Granting of remission to convicts by States: SC refers issue to larger bench

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Can convicts serving 14-year jail sentences be released prematurely on the basis of a common policy framed by a state and without their cases’ facts being placed before the Governor, who has the power to pardon?

A five-judge bench of the Supreme Court Friday asked Chief Justice of India S A Bobde to refer the question to a larger bench, noting that the law in vogue on the issue is a 1980 judgment by another bench of the court in the case of Maru Ram vs Union of India and Others.

The legal question had arisen in the context of the bail plea of a murder case convict, one Pyare Lal.

The top court was told that he had been released from jail after being granted the benefit of remission by the Haryana Governor as per a policy of the state government.

According to the Haryana government policy, instituted in 2019, male prisoners, convicted for life in a murder case, would get remission if they are above 75 years and had completed 8 years of the sentence.

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The Supreme Court noted that in the case of Pyare Lal, the Haryana government had “accepted that no individual facts or material pertaining to any of the cases were placed before the Governor and that the benefit in each of the cases was conferred by the Executive itself in terms of the Policy”.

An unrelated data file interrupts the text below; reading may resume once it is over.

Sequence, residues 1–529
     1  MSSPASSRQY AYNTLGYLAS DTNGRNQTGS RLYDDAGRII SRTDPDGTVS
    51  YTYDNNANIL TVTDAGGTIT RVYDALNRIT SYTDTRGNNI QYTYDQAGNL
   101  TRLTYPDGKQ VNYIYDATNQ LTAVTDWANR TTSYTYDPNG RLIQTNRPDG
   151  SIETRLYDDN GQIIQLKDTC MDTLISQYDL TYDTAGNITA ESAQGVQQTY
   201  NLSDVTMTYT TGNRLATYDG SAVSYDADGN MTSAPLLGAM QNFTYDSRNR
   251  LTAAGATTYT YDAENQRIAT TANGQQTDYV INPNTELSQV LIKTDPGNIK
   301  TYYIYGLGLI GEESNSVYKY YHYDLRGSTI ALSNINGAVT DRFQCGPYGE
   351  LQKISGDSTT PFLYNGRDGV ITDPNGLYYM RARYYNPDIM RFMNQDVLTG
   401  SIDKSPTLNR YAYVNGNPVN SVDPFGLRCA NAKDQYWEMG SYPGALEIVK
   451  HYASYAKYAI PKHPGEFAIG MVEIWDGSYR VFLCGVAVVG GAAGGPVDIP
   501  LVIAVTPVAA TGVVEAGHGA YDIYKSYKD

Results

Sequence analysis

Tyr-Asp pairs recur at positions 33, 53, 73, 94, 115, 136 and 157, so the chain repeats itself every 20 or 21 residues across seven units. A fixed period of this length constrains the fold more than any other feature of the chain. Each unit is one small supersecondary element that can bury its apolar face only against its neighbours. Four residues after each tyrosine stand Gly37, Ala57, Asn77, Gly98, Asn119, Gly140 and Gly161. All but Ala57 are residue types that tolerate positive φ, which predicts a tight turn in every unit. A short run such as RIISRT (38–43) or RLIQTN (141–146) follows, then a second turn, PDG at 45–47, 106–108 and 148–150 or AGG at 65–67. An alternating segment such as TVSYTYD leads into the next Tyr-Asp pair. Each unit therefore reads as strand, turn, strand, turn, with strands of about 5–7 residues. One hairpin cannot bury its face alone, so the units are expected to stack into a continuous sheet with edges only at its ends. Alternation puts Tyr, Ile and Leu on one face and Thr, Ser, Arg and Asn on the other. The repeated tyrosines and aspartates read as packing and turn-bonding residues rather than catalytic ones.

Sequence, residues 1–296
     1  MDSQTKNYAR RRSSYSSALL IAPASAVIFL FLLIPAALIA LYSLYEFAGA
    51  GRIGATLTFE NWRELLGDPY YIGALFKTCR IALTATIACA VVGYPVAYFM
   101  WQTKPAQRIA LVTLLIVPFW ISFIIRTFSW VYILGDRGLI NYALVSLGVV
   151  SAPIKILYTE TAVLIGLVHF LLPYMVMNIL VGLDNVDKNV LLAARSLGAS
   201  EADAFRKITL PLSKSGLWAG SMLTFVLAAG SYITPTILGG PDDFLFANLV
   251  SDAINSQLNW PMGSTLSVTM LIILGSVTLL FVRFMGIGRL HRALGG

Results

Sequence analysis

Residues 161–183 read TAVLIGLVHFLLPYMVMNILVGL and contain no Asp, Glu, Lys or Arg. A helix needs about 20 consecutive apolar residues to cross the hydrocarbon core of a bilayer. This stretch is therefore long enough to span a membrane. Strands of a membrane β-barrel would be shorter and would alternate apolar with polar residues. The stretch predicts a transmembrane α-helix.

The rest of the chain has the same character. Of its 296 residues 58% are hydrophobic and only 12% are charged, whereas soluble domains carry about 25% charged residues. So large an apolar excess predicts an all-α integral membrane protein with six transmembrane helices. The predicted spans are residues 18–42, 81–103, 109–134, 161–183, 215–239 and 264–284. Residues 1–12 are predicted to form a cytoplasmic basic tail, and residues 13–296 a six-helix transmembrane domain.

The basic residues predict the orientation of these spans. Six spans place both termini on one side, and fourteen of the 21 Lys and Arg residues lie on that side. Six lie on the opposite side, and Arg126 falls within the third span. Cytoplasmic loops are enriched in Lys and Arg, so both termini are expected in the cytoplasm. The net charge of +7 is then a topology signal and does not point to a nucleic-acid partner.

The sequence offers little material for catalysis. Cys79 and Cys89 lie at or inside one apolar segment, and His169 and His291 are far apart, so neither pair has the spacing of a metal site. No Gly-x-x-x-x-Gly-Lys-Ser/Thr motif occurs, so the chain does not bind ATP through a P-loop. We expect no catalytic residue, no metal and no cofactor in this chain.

“The Governor, thus, did not have the occasion to look into the issues such as severity of the crime or the manner in which the crime was committed or the impact of the crime on the Society or how the matter was seen and considered by the concerned courts while holding or upholding that the concerned convicts were found guilty of the offences in question,” it said.

A Governor has the power to grant pardons under Article 161 of the Constitution.

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The larger bench will also look into whether the exercise “can override the requirements under Section 433-A” of the Code of Criminal Procedure (CrPC). It says that a person, serving life term, cannot be granted remission benefit without serving 14 years in prison.

Writing for the bench, Justice U U Lalit noted that “the consistent line of cases decided by this Court has laid down that the principles of Section 433-A of the Code do not and cannot apply to the exercise of constitutional power either under Article 72 or under Article 161 of the Constitution. It has always been accepted that no limitation can be read into the exercise of such constitutional power and that the sovereign power would not be bound by restrictions emanating from Section 433-A of the Code”.

It added that the Maru Ram ruling says that “no separate order for each individual case would be necessary but a general order must be clear enough to identify the group of cases and indicate the application of mind to the whole group”.

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However, the court in that case had refused to approve an “omnibus” order of July 1978, issued in exercise of Article 161 powers granting benefit to convicts.

The bench said that “decisions of this Court rendered since Maru Ram and some of them being decisions of the Benches of three Judges of this Court, do show that the relevant material must be placed before the Governor in order to enable him to exercise the power under Article 161…and failure on that count could result in quashing of the concerned orders of remission…”.

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